In early January six young people were hospitalised after taking the synthetic drug known as 2C-B, at a house party in Cork City. Gerard Banks and his friend were walking by the house when they heard “crazy noises” and “not your average shouting” from inside. Speaking on Cork’s Red FM he said that “it’s hard to describe the levels of blood” in the house when he entered.
Inside the house he was met with a harrowing sight. He saw both a man and woman naked and covered in blood. They were dancing and it was obvious that they were completely out of their mind as they had no idea they were covered in blood or hurt. The male had an apparent head injury and was badly cut. On the floor he saw another man, he was not moving and appeared to be in cardiac arrest. The Gardaí were called along with paramedics and the injured were taken to Cork University hospital.
Six young people had their lives ahead of them. They were having a good time at a party, until the effects of the drug 2C-B kicked in. Their families were surely traumatised and they could have very easily died.
The USI are concerned for the health of students after the HSE have put out a public warning concerning the “scary party drug” 2C-B. The HSE says the drug is: “One of the new psychoactive substances similar to those products previously sold in ‘headshops’”. At low doses the stimulant has similar effects to ecstasy but at higher dosages can have psychedelic or hallucinogenic effects.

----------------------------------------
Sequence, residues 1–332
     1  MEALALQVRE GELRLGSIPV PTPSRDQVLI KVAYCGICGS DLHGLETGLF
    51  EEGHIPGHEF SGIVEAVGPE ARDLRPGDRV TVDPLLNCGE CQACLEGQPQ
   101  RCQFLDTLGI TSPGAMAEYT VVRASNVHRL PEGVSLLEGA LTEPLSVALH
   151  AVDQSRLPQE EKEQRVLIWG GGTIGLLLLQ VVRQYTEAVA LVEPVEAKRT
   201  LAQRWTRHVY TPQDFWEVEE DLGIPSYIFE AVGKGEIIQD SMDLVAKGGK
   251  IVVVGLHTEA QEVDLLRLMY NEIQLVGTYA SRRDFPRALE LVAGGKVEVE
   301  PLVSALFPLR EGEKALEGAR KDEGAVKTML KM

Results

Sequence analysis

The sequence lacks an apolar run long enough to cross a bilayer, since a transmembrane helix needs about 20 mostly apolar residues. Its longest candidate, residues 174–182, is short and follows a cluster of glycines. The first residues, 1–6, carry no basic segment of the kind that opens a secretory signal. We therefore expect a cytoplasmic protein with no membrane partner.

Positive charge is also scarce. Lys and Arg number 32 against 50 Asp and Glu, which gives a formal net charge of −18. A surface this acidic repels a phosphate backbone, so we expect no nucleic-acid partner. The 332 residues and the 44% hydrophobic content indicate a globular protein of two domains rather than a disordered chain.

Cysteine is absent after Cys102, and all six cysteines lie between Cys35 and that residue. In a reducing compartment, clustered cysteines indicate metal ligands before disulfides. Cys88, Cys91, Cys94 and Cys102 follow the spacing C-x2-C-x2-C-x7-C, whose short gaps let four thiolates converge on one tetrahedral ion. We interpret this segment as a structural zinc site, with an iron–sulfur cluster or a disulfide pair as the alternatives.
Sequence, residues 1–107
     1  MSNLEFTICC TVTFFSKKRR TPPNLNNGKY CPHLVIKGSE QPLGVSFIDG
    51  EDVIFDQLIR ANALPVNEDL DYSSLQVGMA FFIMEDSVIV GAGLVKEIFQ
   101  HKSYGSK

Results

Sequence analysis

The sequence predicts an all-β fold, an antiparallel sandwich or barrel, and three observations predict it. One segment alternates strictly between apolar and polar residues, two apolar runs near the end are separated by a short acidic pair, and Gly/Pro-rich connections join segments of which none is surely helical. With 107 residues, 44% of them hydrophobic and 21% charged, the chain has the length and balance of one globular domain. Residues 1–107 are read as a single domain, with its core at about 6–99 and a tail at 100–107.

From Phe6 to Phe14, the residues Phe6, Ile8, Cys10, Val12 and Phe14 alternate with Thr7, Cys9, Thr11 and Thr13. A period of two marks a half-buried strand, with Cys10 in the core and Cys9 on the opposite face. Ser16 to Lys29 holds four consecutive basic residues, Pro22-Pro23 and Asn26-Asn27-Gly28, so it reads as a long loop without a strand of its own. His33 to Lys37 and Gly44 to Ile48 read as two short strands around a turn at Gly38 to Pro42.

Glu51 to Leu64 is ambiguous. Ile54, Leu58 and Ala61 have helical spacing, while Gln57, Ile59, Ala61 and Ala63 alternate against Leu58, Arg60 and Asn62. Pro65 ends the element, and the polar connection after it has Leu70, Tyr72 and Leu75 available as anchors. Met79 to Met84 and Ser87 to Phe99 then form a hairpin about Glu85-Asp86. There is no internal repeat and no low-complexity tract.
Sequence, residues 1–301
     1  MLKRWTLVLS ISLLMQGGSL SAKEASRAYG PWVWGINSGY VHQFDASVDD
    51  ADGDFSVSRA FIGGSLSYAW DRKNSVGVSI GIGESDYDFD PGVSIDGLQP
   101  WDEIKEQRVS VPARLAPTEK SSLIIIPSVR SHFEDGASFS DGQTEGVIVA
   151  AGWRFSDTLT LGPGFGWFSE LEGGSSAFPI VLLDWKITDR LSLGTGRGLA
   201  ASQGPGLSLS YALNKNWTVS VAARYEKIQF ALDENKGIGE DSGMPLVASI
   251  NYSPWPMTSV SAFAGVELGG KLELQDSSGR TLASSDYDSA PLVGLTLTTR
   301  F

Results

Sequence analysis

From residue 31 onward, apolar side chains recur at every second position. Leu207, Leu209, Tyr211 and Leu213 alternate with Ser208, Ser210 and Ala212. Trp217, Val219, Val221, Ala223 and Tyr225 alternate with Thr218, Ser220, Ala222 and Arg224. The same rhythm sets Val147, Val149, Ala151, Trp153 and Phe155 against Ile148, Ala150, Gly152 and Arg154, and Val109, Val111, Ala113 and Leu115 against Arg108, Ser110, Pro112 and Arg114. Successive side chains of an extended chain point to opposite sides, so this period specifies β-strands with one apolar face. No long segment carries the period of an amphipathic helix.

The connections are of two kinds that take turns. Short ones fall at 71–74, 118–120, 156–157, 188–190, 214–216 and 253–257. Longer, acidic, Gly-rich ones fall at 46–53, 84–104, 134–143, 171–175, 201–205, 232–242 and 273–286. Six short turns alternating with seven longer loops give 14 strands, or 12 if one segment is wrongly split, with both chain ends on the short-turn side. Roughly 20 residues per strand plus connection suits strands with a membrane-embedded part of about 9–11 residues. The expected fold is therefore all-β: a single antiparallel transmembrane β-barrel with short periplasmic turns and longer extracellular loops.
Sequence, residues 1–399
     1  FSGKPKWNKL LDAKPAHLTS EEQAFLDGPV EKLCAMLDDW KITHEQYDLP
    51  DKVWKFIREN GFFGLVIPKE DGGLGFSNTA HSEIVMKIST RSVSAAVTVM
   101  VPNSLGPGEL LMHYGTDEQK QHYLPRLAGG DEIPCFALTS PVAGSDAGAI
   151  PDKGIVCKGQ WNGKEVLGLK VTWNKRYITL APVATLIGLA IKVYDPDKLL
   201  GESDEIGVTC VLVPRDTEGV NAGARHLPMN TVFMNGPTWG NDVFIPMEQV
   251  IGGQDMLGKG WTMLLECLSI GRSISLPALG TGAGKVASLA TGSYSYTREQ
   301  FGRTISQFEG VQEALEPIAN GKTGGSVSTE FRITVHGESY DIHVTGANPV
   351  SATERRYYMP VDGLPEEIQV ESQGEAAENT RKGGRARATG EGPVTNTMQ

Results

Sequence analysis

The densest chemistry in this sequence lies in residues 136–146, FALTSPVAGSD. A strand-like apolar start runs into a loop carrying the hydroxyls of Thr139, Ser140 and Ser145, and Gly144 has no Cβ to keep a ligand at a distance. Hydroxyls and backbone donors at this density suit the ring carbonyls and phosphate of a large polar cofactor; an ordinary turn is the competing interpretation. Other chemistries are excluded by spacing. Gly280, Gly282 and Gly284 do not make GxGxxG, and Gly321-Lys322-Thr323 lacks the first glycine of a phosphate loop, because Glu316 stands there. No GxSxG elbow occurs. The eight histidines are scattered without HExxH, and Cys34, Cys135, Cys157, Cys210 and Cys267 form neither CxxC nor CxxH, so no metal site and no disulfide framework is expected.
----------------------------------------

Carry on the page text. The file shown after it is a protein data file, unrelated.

People are warned that there is no quality control on these drugs and that there is no way of checking what is purchased or consumed is the intended substance. Dr. Greg Murphy of the Rochestown Clinic in Cork said: “There is not a lot known about it in this country but it has arrived. It is a street drug which has potent effect. It peaks after five to ten hours but it can last for up to 24 hours.”
Research is ongoing on the drug 2C-B, but the known serious side effects are both psychological and physical. Possible effects include paranoia, hallucinations (both auditory and visual) gastrointestinal effects and kidney problems. Similar to MDMA, many users overheat due to an inability to control their own body temperature.
Talking about the drug, Kevin Donoghue, USI president said: “We need to ensure that young people are being educated on the risks in a way that is relative to them. The ‘just say no’ campaign simply doesn’t work. Young people don’t connect with it.”
Donoghue says it needs to be acknowledged that drug use is happening among students.
According to the 2015 National Student Drug Survey, 82 percent of students have at some point used illegal drugs, and Donoghue believes that the key to keeping students safe, is awareness education.